Tomorrow marks the Kalends of April, the first day of the month. In Ancient Rome, this was the day that state-sanctioned sacrifices were made to Juno, Janus, and the Lares. The date of the Nones, the day all other monthly festivals were publicly announced, was given. While a few syncretic Roman Revivalists follow the lunar cycle of marking the Kalends, which would be when the first sliver of a new moon could be seen in the sky or (not quite as accurately) the new moon, most of us observe the first of the month as the Kalends. That was how it was marked for the majority of Rome's history.

Most months, I work extra hard to make sure that I cook a modest but well-balanced meal for my family from scratch on this day. We offer at the lararium, or shrine to the Lares and household Gods, that sits in the middle of our dining room table. In my home, we bring the Gods to the table with us when we eat. We offer the first bites of food from our plate to the Lares, giving Them what They are due, along with all food that might happen to fall onto the floor. With a toddler in our house, the Lares get fed well with all the food that falls.

The rest of the religious duties of the day fall on me, though, and that's because I'm technically the only person in the house of this religion.

Except this is going to change this month. It was agreed upon many years ago that any child I had would be raised within my religion, since my husband is an agnostic humanist who loves Christmas. Now at 3-years-old, I feel like my daughter has hit that magical age where she's ready to start really learning about the Gods (though she continues to insist there are only 2 Gods) and participate in her mother's religion.

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Posted by on in Culture Blogs
Meet-Up at the Toad Corral

Here in the Midwestern US, 2015 is a sabbatic year. At the beginning of harvest, the tribe of Witches will once again foregather in immemorial Grand Sabbat.

But while the adults are busy kissing the Devil's ass (makes the herds fertile), having promiscuous sex (makes the crops grow), and eating ragoût de bébé non baptisé (tastes great), what about the kids? Once they've been presented to the Devil but before they're old enough to join in the fun, what to do? Kids and rituals: the perennial problem.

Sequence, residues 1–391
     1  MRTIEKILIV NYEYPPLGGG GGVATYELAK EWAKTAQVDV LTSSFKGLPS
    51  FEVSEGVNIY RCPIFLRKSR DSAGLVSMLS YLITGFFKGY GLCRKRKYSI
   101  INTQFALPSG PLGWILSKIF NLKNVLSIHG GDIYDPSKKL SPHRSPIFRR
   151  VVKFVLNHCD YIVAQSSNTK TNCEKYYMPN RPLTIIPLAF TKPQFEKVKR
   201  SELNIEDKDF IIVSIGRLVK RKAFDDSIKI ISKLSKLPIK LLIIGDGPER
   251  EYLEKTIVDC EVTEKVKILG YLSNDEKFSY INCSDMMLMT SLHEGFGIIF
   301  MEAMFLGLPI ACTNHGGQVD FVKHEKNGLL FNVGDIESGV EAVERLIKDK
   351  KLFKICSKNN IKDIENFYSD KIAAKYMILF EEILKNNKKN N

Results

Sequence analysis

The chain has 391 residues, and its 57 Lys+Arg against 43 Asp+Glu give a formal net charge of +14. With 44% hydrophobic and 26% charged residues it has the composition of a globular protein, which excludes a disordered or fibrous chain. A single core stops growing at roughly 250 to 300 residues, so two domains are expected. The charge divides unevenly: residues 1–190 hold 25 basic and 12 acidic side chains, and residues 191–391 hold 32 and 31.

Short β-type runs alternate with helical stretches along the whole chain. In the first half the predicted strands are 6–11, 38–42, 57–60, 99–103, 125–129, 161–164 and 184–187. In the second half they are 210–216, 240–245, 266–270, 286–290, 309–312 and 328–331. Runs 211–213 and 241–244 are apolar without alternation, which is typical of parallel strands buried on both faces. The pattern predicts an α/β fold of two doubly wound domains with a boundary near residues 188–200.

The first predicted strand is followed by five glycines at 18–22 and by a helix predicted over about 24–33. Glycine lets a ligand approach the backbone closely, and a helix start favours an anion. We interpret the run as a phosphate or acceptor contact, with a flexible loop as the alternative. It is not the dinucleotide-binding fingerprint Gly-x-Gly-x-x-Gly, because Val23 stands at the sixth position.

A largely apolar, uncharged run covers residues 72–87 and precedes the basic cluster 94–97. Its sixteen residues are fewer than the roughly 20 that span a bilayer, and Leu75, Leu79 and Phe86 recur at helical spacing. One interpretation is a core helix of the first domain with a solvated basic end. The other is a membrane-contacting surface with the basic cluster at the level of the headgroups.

When in doubt, consult ancestral precedent. The Basque witches came up with a neat solution.

As I'm sure I don't need to tell you, after the Devil f**ks the bejesus out of you and nips your shoulder, to seal the deal he gives you your very own toad to be your intimate familiar. You suckle it (blood's OK if you don't happen to be lactating at the time) and sew little outfits for it, and in return it helps out with all your spells.

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Posted by on in SageWoman Blogs
Six Family Activities for Samhain

Samhain is a big deal in our house.  Our family plans its costumes (and cosplay) sometimes years in advance.  We participate in a lot of the rituals common in the U.S. for Halloween, and we blend them with the traditional rites of Samhain.  Whether you celebrate this holiday on October 31st (fixed date), November 6th (the cross-quarter date), or somewhere in between, there are a number of ways to get your children, both wee and tall to participate.

Visit a Farm

Since many of us have no gardens or only small ones, it is important to help our children connect our food during this time of harvest with the land from which it comes.  Several farms hold special events and provide goods to families during this time of year (and some hold nearly year-round activities).  From pumpkin patches to corn mazes to herbal labyrinths, it's possible to let your children see food at the end of the growing year.  Sunflowers are drooping and have lost their petals, the largest corn has been picked, and all manner of squash have fattened and are ready for eating or carving.